This article contains SPOILERS. If you haven’t read the issue yet, read on at your own risk!
To dream the impossible dream
To fight the unbeatable foe
To bear with unbearable sorrow
To run where the brave dare not go
Joe Darion, “The Impossible Dream”
Is Andy the anti-Don Quixote? Her world-weary cynicism is certainly the opposite of his delusions of chivalry; her bitter pragmatism the opposite of his flights of fancy. But the thing that strikes me most is that Andy is the unbeatable foe, the kind of mythical being Quixote could only dream of. Of course, this gives them different priorities — while he’s focused on those imaginary beings, she’s utterly undaunted by the mortal tilting at her. Sure, the mortal can get in a few good licks, but is more of an annoyance than a nemesis. Indeed, it turns out the only thing worthy of an unbeatable foe’s attention is another unbeatable foe. Continue reading →
This article contains SPOILERS. If you haven’t read the issue yet, proceed at your own risk!
In a classical Greek tragedy, no matter whether they achieve their goals, the protagonists of a story end up worse off than they started. In Wonder Woman 24, everyone is at once successful and miserable. Greg Rucka focus on three women living in pain even after reaching their objectives.
After seeing her mother and being only a step away from Themyscria, Diana is distraught when she returns. Rucka indicates that Diana is not her usual self in the way that she carelessly leaves Cheetah behind. It wouldn’t necessarily be careless if a regular person did it, but Wonder Woman has set standards of empathy and kindness that even she cannot always live up to. When Etta calls her out, it only takes a moment before Diana is ready to take action. Even in her guilt, she is committed to making things right. Continue reading →
Today, Michael and Taylor are discussing Wonder Woman Annual 1, originally released May 31st, 2017. As always, this article contains SPOILERS.
Michael: With her big screen debut just around the corner there’s a regular Wonder Woman frenzy these days. Wonder Woman Annual 1 seems to be joining in on the fun with several short stories that embody what makes Diana of Themyscira such a powerful symbol. I’m pretty sure that Batman and Superman are already on their second Rebirth Annual issues but this is only Wonder Woman’s first? What gives, DC?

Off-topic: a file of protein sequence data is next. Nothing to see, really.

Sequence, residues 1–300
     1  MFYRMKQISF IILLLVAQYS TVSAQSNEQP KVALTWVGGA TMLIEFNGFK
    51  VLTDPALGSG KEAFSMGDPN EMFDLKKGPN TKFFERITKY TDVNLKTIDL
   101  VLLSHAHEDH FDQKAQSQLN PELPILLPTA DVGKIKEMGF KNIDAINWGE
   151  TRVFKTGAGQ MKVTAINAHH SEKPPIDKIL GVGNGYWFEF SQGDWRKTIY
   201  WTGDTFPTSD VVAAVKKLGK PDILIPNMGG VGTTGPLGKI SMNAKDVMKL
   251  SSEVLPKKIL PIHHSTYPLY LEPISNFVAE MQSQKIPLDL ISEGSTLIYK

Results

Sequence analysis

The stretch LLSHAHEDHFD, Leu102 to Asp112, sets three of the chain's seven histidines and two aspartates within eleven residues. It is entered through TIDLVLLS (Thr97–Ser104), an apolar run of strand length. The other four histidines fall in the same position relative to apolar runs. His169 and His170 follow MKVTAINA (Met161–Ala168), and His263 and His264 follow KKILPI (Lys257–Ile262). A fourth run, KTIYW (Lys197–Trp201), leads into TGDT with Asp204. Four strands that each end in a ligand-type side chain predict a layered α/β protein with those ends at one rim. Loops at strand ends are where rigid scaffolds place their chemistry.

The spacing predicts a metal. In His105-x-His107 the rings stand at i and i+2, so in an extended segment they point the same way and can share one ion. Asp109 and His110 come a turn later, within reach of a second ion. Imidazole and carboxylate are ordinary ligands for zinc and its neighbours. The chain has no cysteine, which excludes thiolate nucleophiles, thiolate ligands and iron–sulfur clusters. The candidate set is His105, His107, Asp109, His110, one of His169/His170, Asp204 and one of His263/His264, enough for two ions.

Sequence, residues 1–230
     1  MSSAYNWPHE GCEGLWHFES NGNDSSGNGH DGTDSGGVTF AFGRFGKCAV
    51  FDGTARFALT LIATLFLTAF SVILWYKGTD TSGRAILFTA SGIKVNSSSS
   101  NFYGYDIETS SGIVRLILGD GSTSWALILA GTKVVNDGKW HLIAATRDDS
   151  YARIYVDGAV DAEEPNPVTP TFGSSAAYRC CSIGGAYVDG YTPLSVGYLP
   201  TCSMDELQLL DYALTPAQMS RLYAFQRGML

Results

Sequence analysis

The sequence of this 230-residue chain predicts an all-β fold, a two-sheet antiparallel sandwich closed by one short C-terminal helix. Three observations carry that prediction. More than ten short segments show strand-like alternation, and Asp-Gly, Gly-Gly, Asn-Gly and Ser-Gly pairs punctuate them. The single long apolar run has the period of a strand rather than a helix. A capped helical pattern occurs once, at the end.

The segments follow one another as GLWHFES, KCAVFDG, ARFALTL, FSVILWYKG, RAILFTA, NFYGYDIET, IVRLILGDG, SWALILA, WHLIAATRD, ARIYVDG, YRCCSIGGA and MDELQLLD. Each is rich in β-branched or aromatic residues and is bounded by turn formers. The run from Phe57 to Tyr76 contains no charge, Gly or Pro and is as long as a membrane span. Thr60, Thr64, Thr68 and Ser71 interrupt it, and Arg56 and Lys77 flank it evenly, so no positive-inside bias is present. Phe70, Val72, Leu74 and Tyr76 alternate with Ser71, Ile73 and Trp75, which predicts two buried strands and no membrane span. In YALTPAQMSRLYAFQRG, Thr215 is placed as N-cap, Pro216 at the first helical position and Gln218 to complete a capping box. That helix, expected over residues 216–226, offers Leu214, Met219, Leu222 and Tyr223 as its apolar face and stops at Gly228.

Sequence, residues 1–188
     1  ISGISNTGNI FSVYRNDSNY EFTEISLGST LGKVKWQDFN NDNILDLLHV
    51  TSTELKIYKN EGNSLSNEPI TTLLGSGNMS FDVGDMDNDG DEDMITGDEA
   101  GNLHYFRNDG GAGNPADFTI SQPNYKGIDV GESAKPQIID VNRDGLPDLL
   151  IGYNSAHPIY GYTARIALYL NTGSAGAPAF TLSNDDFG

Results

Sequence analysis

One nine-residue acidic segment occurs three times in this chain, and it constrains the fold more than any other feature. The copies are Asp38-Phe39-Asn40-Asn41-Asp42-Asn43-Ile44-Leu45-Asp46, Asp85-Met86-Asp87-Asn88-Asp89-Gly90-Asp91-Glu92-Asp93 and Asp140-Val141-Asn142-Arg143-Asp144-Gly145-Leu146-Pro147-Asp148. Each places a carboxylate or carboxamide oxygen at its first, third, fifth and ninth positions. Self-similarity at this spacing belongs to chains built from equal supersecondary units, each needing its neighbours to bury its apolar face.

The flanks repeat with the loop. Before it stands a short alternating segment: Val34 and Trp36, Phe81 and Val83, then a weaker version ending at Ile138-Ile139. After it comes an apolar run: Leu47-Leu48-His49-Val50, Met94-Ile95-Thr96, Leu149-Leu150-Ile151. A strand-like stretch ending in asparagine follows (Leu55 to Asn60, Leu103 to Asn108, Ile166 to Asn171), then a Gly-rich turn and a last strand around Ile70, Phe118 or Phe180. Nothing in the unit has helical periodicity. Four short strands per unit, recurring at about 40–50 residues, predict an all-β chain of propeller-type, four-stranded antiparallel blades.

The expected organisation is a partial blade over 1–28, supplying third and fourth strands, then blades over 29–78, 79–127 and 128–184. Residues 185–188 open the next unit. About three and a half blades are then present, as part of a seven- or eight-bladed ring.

Today, Drew and Patrick are discussing The Old Guard 4, originally released May 24th, 2017. As always, this article contains SPOILERS.
Drew: “The grass is always greener on the other side” is a remarkably ambiguous idiom. Is it about the subjectivity of our perspective (that is, things simply look better from a distance), or perhaps about some kind of psychological phenomenon that makes whatever it is we don’t have more appealing? Whatever the cause, the analogy works only insofar as we can flatten our value system to some kind of parallel for “greenness” — there’s no real acknowledgement of either side having pros and cons, or the choice between the two representing a compromise. Still, the phenomenon of the grass being greener on the other side still pervades our culture, reflecting a superficial, one-dimensional understanding of real-world choices we too often adopt. Such is the case with both Steve Merrick and Andy, two characters who might gladly trade sides for each other’s greener pastures. Continue reading →
How many Batman books is too many Batman books? Depending on who you ask there ain’t no such thing! We try to stay up on what’s going on at DC, but we can’t always dig deep into every issue. The solution? Our weekly round-up of titles coming out of DC Comics. Today, we’re discussing Batgirl 11, Batman / The Shadow 2 and Wonder Woman 23. Also, we will be discussing Hal Jordan and the Green Lantern Corps 21 on Monday, so check back for that! As always, this article contains SPOILERS.